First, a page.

Because I missed it... All five Mega Man Game Boy games randomly showed up on the NSO Game Boy app the other day, in between roundups. The last two are particularly good!


June '24 update: Ghosthunter (PlayStation 2), Daxter and Lego Star Wars II (PlayStation Portable)

What're these? A fantastical third-person shooter by SCE Cambridge Studio, the solo handheld excursion for Jak's offsider and yet another of the eight trillion Star Wars games that Sony has determined to continue to trickle out, month after month.

Why should I care? My recollection is that Ghosthunter is all graphics and very little of anything else, so if you want to tear through a game as an excuse to reacquaint yourself with top-shelf PS2 visuals, this might be a suitable low-commitment option. As for Daxter... I got nothin', sorry.

Helpful tip: It seems sub-optimal to reissue a Lego Star Wars game that doesn't offer local multiplayer, but it seems the PSP version was the only option with all the content.


Baten Kaitos I & II HD Remaster

  • Platform: PC vvia Steam (worldwide)
  • Price: $49.99 or equivalent
  • Publisher:Bandai-Namco

What's this? A remastered double-pack of Monolith & tri-Crescendo's deck-based RPG series Baten Kaitos, originally developed exclusively for the Nintendo Gamecube and published worldwide by Nintendo in the mid-'00s and recently remastered for Nintendo Switch, these versions maintain the improvements of the Switch versions — higher-detail character and enemy models, upscaled backgrounds and UI, widescreen support, a revamped inventory system, quality-of-life modifiers for elements like game speed and encounter rate, an auto-save function, new game+, etc — with the benefit of additional support for higher framerates.

Why should I care? You played one or both of these games when they were new, judged them harshly for being unconventional and uninviting RPGs at a time when you might've been craving a "Final Fantasy killer" and feel you ought to give them a fair shake a couple decades on, you tried them on Switch but couldn't stomach the unstable framerate, or you hate that the PC versions were droped with zero advertising and feel a moral obligation to attempt to spare these games from a third round of commercial failure.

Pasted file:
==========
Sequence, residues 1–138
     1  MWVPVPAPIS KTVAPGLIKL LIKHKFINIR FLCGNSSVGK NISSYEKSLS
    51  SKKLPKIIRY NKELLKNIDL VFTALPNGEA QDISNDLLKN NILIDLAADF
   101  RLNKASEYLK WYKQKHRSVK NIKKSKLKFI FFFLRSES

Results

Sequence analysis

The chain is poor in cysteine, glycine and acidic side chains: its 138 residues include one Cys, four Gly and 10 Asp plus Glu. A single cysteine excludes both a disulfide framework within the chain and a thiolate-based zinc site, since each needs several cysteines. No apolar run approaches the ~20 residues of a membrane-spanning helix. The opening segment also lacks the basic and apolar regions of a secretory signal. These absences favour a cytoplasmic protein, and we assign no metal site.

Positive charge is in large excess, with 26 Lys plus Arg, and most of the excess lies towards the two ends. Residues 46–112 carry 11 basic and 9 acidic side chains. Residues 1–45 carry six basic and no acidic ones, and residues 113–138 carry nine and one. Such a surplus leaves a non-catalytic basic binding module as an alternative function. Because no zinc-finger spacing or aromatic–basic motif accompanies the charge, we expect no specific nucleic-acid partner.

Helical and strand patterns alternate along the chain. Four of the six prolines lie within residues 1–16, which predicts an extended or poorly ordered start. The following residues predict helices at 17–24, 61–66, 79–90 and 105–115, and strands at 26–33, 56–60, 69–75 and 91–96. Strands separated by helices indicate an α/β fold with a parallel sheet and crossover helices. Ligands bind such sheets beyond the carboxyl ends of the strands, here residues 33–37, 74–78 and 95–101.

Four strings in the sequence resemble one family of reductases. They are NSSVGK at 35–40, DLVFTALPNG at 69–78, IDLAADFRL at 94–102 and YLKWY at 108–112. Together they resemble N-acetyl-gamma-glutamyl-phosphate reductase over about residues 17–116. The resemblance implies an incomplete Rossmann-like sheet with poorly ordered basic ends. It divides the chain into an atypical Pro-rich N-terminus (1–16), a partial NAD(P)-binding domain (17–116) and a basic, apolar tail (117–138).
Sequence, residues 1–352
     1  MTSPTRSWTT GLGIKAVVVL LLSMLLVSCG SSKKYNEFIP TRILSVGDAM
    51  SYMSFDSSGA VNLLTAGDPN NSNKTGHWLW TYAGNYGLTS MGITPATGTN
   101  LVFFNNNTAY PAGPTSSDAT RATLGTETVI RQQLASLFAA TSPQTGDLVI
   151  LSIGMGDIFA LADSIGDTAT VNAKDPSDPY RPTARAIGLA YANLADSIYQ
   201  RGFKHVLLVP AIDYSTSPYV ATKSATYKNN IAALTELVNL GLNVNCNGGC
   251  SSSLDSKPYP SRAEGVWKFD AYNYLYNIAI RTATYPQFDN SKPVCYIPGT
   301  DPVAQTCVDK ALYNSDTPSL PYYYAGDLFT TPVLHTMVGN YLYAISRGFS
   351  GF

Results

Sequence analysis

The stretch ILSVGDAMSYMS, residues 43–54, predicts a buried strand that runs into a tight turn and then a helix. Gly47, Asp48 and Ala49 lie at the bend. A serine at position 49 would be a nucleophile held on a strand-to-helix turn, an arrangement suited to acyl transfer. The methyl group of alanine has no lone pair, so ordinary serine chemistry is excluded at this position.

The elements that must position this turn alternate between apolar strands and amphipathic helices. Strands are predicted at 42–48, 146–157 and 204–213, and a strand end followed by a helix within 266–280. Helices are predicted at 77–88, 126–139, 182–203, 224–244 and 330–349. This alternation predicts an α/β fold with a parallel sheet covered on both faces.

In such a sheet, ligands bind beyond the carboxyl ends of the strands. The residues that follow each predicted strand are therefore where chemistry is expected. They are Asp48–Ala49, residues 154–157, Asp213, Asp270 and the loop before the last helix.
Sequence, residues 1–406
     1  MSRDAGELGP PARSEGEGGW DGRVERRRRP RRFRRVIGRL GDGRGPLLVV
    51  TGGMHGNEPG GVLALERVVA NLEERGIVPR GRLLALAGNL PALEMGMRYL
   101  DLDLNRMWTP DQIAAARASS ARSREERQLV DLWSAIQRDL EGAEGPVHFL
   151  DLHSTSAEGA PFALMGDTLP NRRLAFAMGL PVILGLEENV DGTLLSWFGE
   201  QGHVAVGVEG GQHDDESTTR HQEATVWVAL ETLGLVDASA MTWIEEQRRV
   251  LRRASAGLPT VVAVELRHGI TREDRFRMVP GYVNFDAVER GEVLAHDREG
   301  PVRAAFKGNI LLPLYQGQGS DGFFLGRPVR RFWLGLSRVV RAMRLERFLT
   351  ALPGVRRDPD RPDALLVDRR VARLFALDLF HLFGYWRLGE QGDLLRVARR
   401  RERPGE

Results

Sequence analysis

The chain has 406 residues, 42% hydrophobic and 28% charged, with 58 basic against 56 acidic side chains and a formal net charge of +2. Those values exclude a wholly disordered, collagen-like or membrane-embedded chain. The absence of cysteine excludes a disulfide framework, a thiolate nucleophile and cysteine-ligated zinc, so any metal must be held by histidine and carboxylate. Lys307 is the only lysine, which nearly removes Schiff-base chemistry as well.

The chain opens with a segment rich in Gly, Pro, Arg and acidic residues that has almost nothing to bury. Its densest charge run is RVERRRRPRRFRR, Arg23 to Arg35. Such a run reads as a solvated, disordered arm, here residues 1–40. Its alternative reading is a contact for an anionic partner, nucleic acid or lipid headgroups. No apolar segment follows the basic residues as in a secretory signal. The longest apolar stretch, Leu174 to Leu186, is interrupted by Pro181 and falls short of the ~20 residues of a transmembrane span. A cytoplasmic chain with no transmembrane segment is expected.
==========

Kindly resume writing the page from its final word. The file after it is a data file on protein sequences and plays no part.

Helpful tip: The original English dubs were removed for the Switch remasters and remain absent from the PC versions, but Switch fans were able to mod them back into the Switch version and are working on a PC mod right now, so it won't be long before you can elect to ruin your game.

Space Invaders 90

  • Platform: Nintendo Switch (Japan)
  • Price: ¥;660
  • Publisher: Taito

What's this? An emulated reissue of one of the many '90s remakes of Taito's seminal fixed-screen shooting game Space Invaders, originally released for the Sega Mega Drive in Japan in 1990 and for the Sega Genesis in 1991 as Space Invaders 91;. This version of the game was originally only available in Japan, as an Amazon-specific pre-order bonus for the Switch version of Space Invaders Invincible Collection that could only be acquired during a very brief window of time; as such, it's essentially just a ROM in an emulator with little in the way of additional functionality. (M2 handled the emulation, by the by.)

Why should I care? Noriyuki Iwadare did the music, and for one of his very first joints, he did alright!

Helpful tip; There remains one major preorder-gimmick Taito reissue that has yet to be made available to the general public: Final Bubble Bobble, the expanded Sega Master System/Mark III version of Bubble Bobble that was given away as a Japanese Amazon Prime Day bonus for Bubbke Bobble 4 Friends.


LRG3 04 announcement stream!

If you're one for announcements and the last few weeks hasn't left you completely spent, you might wanna check out what LRG has in store for the next... however long it takes 'em to actually deliver on whatever they reveal here.